How Starbucks Inspired Coffee Chain %ARABICA

Coffee first appeared in Japan during the mid-19th century by way of Dutch traders, who brought coffee to a culture that predominantly drank tea, per Japanese Coffee. And even though the idea of drinking coffee didn't really appeal to the Japanese at the time, a man named Tei Eikei, who fell in love with European coffee culture during his time spent in France, decided it was worth opening a western-style coffee shop in his home country anyway, which he did in 1888, per Bean poet. Even though that shop closed after five years, Tofugu said the shop — known as "Kahiichakan" was around for long enough to establish a trend for "kissaten" — Japanese establishments that served straight coffee or tea in a decidedly modern, western setting.

A fresh attempt to make coffee mainstream came in 1933 by way of Tadao Ueshima, who is credited with laying the groundwork for Japan's coffee industry, and who is known as the "Father of Coffee in Japan. The Second World War and a subsequent coffee import ban meant that the beverage couldn't be enjoyed for several decades– and it was not until the bans were lifted that Ueshima revived the concept of canned coffee in the 1960s, brought renewed interest in the beverage, per Japanese Coffee.

%Arabica's owner credits Starbucks for his interest in coffee culture

Before Starbucks arrived on the scene in Japan in 1996, Voyapon says most of the coffee shops in Japan were like the kissaten of the old days — simple stores serving basic black coffee. But that changed, Voyapon says, with the arrival of what it called "second wave" coffee shops in the form of imports like Starbucks and Dunkin' Donuts.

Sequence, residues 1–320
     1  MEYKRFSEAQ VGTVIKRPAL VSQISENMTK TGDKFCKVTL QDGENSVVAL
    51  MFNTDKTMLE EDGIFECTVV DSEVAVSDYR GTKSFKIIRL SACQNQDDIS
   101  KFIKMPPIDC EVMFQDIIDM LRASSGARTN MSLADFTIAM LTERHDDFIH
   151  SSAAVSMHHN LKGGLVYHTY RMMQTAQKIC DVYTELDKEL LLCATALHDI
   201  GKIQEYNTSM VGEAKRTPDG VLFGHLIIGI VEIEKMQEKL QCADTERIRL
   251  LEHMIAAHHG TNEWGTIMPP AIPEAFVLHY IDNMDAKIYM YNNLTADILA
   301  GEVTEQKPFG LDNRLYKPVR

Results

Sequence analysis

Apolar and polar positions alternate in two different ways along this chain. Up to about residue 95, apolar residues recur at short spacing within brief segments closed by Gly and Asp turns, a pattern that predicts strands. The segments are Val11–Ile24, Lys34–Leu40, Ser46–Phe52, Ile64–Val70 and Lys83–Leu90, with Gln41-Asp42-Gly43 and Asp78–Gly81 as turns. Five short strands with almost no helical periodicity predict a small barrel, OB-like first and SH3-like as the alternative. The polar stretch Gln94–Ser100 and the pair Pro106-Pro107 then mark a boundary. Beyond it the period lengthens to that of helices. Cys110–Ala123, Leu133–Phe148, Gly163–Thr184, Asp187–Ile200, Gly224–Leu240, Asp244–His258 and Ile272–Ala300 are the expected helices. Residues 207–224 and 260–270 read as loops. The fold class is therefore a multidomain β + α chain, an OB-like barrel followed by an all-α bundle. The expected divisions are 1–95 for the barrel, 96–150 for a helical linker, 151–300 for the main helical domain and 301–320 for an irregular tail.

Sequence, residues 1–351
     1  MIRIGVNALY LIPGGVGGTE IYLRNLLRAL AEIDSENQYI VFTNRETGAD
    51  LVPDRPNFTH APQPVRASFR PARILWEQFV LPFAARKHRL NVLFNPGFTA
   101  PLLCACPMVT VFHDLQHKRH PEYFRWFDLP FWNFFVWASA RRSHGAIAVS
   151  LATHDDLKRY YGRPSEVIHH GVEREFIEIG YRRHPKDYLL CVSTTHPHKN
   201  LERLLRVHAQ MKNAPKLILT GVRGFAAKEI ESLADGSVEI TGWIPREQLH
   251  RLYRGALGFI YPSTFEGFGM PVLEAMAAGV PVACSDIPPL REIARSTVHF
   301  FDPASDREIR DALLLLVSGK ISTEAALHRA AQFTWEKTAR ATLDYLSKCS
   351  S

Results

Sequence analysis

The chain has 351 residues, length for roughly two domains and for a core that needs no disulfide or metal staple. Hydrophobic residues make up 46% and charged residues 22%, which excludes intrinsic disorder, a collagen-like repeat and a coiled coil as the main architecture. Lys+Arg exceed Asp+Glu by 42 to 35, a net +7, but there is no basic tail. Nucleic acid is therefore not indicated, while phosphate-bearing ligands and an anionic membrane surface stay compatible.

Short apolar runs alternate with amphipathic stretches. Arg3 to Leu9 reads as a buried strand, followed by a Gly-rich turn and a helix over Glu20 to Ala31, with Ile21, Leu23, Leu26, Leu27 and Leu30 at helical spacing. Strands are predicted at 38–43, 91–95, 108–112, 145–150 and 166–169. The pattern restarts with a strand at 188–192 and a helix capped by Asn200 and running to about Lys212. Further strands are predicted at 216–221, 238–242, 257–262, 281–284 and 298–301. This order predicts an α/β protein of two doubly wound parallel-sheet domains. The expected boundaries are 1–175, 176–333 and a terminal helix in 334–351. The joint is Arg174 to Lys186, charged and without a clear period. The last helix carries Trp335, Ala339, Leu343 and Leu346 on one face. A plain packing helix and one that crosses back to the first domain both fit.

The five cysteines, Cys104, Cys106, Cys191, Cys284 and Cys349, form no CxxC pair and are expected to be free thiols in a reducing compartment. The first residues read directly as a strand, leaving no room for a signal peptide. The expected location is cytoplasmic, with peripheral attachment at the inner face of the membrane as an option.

It took %Arabica founder Kenneth Shoji to leave his native Japan for the United States to discover how Starbucks would fit into his life. In a letter explaining the coffee chain's philosophy to %Arabica's fans, Shoji says his time as a college student in the United States saw him spending plenty of time at a Starbucks in Southern California's Venice Beach, enthralled with what the chain offered: the idea of coffee culture and what Shoji described as its "serene atmosphere" and that, we can imagine, is what Shoji was looking to serve up when he opened his %Arabica flagship store in Kyoto.

Starbucks inspired %Arabica's founder in an unexpected way

Shoji's transition from coffee lover to coffee shop owner is a story in and of itself. He tells Frame he was living in Hong Kong and struggling to find good coffee when he decided to produce the beans himself. So he invested in a Hawaiian coffee farm before opening his first %Arabica in a Hong Kong suburb named Discovery Bay.

And while Shoji might have first discovered coffee culture thanks to Starbucks, he also took inspiration from Starbucks to create %Arabica — but not in the way that we might think. He tells Frame that while he was a big Starbucks fan in his 20s and that while it was an amazing brand, "now they [Starbucks] are a huge global company and it's not exciting to walk into their stores because they all look identical." Instead, Shoji decided to take inspiration from non-foodie brands like Aēsop, whose retail spaces are inspired by both local designers and local concepts.